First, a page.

Or, at least that’s my opinion. The opinion of a a guy who codes a little in his spare time and is usually pretty comfortable around technology. The opinion of a guy who works daily to grok business needs and convert them into technological outcomes. The opinion of a guy who usually ends up adapting his technology “solution” way more times than necessary because the business process that blossomed far too organically later in the design flow didn’t quite line up with what was in the minds that requested said technology far too early.
In business, we design an algorithm — a step-by-step procedure — or a series of the same, that converts a business need into a result. A request is converted into an action. A transaction is converted into a service. A complaint is converted into a fix. And all of these procedures involve many moving parts: people, money, paperwork, and information.
In technology, we tend to design algorithms that convert the same sorts of things: a request into an action, transaction into a sale, et cetera. And good technology isn’t — and here’s the key — a stand-alone element. Good technology, at least in a business setting, is a smaller piece of a larger business process.
That’s all well and good, you say, and we know that… don’t we?
Sure, many people do know this. Many people get it. But even the best managers come to me and say things such as: “We want to have a website for this” or “how can we integrate social media better?”
And the confused looks I get…
And the confused looks I get when the “web guy” asks them why exactly they need a website, or what benefit they are hoping to get from using a discussion forum, or what message are they hoping to put out on Twitter that warrants the quantity of work required to do so — those looks get me every time.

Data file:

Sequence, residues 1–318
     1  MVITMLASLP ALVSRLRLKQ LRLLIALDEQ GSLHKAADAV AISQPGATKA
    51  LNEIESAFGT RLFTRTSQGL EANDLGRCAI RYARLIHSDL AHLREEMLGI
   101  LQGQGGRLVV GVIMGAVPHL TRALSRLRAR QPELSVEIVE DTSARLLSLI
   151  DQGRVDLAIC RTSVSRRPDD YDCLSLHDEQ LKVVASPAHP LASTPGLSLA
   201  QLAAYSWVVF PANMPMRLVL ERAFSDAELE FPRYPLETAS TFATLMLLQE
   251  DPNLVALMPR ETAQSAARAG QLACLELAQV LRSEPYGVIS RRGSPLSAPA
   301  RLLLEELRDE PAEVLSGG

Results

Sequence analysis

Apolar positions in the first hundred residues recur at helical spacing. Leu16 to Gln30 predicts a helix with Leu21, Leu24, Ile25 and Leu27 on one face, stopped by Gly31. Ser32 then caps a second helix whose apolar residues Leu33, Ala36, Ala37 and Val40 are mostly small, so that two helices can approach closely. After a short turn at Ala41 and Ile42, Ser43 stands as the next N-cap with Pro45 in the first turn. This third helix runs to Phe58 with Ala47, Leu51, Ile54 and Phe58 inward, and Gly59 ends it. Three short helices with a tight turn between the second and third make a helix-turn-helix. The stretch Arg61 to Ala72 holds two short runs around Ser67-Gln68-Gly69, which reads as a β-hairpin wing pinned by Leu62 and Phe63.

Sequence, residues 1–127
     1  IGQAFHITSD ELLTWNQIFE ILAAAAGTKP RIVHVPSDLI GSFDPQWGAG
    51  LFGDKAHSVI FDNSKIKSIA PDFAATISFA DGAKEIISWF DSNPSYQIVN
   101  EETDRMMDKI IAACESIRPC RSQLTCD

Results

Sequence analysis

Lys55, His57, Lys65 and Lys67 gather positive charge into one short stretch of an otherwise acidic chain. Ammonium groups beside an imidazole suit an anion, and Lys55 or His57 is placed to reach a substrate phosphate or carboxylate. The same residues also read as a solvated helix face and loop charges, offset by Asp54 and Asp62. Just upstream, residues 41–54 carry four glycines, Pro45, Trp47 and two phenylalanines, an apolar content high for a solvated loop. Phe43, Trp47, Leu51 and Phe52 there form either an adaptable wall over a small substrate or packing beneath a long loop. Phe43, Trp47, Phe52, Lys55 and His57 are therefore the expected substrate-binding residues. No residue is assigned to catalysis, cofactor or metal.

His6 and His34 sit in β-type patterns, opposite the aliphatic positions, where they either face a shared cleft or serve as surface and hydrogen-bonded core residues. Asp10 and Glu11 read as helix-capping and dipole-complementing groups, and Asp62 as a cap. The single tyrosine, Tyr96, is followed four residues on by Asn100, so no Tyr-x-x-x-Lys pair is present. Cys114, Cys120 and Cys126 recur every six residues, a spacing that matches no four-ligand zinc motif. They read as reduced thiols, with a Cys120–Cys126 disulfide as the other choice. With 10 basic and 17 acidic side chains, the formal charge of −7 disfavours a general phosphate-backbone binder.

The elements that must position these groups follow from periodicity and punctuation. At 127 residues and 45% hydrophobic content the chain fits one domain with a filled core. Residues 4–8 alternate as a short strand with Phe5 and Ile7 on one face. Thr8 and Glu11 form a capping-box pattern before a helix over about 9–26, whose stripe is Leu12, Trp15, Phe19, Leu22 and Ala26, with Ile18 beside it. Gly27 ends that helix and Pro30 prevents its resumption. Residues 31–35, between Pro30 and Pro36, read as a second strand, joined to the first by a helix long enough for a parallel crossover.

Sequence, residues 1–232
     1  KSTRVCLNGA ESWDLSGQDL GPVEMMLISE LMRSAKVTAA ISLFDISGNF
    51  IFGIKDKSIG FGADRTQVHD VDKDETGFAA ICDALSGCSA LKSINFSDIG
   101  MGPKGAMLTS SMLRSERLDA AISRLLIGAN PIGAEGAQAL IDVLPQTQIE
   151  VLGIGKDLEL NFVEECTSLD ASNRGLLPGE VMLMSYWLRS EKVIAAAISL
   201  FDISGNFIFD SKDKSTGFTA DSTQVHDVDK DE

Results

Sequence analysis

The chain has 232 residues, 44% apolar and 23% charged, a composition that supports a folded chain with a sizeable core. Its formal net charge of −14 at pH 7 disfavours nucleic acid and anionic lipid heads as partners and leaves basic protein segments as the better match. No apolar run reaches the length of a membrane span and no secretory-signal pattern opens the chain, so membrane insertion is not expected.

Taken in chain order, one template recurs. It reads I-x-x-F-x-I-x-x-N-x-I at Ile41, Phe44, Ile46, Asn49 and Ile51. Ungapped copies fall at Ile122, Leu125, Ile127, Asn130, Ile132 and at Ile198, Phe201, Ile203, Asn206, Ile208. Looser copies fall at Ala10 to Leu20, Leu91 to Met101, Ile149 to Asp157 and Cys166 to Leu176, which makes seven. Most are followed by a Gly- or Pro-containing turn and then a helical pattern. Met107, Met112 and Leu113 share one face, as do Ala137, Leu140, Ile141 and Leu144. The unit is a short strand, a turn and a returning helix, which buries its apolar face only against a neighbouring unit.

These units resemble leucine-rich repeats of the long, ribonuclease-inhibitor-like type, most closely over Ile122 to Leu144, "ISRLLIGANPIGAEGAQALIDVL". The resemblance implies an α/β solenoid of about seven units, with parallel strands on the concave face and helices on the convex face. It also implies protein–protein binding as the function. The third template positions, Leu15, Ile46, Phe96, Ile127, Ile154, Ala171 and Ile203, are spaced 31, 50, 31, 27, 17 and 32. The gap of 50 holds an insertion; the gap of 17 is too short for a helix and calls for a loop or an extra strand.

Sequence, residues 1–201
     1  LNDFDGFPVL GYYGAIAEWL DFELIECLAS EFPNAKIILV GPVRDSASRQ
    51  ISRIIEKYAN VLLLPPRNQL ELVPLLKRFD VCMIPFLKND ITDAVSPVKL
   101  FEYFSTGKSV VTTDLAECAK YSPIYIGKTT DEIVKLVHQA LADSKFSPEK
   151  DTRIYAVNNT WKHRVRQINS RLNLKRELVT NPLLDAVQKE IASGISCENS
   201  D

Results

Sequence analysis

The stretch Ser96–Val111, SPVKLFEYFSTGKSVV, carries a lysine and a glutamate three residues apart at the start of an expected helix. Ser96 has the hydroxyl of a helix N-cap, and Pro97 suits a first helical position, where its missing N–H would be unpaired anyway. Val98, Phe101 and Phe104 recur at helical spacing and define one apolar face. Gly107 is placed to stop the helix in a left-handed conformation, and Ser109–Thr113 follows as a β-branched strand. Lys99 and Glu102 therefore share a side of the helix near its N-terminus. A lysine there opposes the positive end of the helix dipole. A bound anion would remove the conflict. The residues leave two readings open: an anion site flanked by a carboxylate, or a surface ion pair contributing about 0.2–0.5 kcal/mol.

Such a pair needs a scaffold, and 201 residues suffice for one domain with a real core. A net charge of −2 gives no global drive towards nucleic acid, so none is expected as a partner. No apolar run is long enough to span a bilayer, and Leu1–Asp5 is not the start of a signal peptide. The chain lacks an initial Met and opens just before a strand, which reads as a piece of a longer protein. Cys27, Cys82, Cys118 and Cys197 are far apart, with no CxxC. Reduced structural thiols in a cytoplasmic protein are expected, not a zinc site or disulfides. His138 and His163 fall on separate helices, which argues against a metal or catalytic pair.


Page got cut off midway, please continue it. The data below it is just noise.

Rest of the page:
See, technology is usually the easy part. If the business process is well understood, then building the technology is a matter of finding an algorithm that converts one thing into another thing. A website might be “required” when a business is trying to provide authoritative information, structured data, or access to downloadable forms to users. A discussion forum might be highly useful when the business process calls for a clear need for providing informal interactive support and discussion between customers and the business. And despite my almost uniform reluctance to recommend it, social media platforms do have a clear place in business for things like clear-headed and balanced reaction to quickly moving or controversial topics of interest to clients and customers.
Novel technology is a challenge, of course, but it’s a challenge that is almost always supported, direct, and manageable if the person implementing that technology understands the exact need — the starting point and ending point for what that technology is trying to accomplish — before the technology is designed to begin with.
Trying to wrap a business process around the vague desire to include an existing technology, on the other hand: can anyone say “square peg into a round hole?”